Sebelius Talks The Health Law Talk In Virginia -- A Battleground State

As the campaign for women's votes spreads, HHS Secretary Kathleen Sebelius meets with women in Richmond, Va., to discuss how the health law helps them. Meanwhile, Planned Parenthood attacked GOP presidential hopeful Mitt Romney as he visited Texas, where support of the organization is a hot issue.  

The Associated Press/Washington Post: Obama Secretary Sebelius Appeals To Women In Battleground Of Virginia With Health Care Message
President Barack Obama's Health and Human Services secretary brought a defense of the administration's health reforms to the electoral battleground of Virginia Tuesday with a direct appeal to women. In a stage-lighted living room chat with a half dozen women, Kathleen Sebelius heard stories Tuesday of how Obama's embattled Affordable Care Act had benefitted middle class women and children, an indirect complement to the Democrats' focus on women (6/5).

Richmond Times-Dispatch: Sebelius Talks Health Care In Richmond
Kathleen Sebelius, surrounded by a half dozen women in a West Avenue living room, listened to them share their personal health care stories — from mothers worrying about insurance for their children, to a nurse struggling to cover her medication costs. … Attorney General Ken Cuccinelli, who filed a challenge to the law the day that President Barack Obama signed the bill in March 2010, said in a statement Tuesday that Sebelius should "explain why they have put a cadre of unelected bureaucrats like her in charge of determining what is and what isn't sufficient health insurance for each and every American" (Meola, 6/6).

Los Angeles Times: Women Push To Make History Again In Election
Women's votes are particularly sought-after this year. … On Tuesday, Senate Democrats tried to advance paycheck equity legislation, which would prohibit private companies from retaliating against workers who share pay and salary information. … The outcome of the day's vote produced another entry in the Democratic narrative that Republicans are engaged in a "war on women." First there was the Republican-led attack on President Obama's new contraceptive rules under the healthcare law. Then there was the all-male panel that was convened to discuss the issue by House Republicans and the GOP-led vote in the Senate against the contraceptive regulations (Mascaro, 6/5).

The Hill: Planned Parenthood: Romney Would Slash Women's Health Funds
Planned Parenthood attacked presumptive Republican nominee Mitt Romney on women's health issues Tuesday as he visited Texas, a state embroiled in a court battle with the group. Texas's dispute began when conservative officials barred public health funds for all of the state's Planned Parenthood clinics, whether they provide abortions or not.  Planned Parenthood Action Fund President Cecile Richard said Tuesday that the move foreshadows what Romney would do in the White House (Viebeck, 6/5).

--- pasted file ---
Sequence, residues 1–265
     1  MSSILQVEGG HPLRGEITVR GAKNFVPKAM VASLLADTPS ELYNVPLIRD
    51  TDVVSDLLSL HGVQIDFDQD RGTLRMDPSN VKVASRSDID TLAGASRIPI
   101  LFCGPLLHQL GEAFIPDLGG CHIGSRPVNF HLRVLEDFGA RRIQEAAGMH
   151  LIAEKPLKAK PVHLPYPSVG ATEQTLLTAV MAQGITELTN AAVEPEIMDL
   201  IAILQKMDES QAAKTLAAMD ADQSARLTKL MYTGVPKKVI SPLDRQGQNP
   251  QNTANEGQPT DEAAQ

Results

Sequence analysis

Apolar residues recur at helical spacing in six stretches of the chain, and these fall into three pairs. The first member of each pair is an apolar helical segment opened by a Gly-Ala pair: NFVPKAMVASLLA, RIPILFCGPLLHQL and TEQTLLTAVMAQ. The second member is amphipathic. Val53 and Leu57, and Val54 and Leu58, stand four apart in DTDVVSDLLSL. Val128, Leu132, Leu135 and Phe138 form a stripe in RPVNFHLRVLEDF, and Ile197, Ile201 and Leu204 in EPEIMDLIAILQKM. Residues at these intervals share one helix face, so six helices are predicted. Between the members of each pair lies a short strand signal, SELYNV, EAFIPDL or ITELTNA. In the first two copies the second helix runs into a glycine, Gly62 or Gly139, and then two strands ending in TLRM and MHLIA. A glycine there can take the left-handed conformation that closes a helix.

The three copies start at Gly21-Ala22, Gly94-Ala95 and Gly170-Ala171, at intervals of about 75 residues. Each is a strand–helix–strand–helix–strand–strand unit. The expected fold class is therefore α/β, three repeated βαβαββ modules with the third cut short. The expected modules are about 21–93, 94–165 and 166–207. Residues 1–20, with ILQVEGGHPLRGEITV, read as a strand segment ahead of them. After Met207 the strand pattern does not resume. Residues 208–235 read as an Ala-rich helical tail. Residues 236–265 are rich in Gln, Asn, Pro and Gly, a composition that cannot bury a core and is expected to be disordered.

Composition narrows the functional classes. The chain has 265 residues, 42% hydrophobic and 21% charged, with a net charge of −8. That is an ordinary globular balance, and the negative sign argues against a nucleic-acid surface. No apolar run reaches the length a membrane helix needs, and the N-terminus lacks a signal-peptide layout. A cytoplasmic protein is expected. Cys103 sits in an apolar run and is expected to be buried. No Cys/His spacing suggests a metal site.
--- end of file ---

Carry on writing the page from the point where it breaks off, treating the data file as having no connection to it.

Texas Tribune: A Closer Look At UT-TT Poll On Planned Parenthood
As the fight between Texas and Planned Parenthood continues this week in the 5th U.S. Circuit Court of Appeals, public opinion of the reproductive health organization and abortion provider remains fiercely split along partisan lines, according to a recent University of Texas/Texas Tribune poll. The poll also showed favorability splits for Planned Parenthood based on race and gender (Tan, 6/6).

The New York Times: Abortion Qualms On Morning-After Pill May Be Unfounded
Labels inside every box of morning-after pills, drugs widely used to prevent pregnancy after sex, say they may work by blocking fertilized eggs from implanting in a woman’s uterus. Respected medical authorities, including the National Institutes of Health and the Mayo Clinic, have said the same thing on their Web sites. Such descriptions have become kindling in the fiery debate over abortion and contraception (Belluck, 6/5).

In related news -

Des Moines Register: Dave Loebsack Beats Fellow Democrat Joe Seng
U.S. Rep. Dave Loebsack fended off fellow Democrat Joe Seng in the 2nd District. … Seng said he decided to run against Loeback because Seng took offense to elements of the federal health care law that required religious institutions to offer insurance plans that provide birth control (Jacobs, 6/5).

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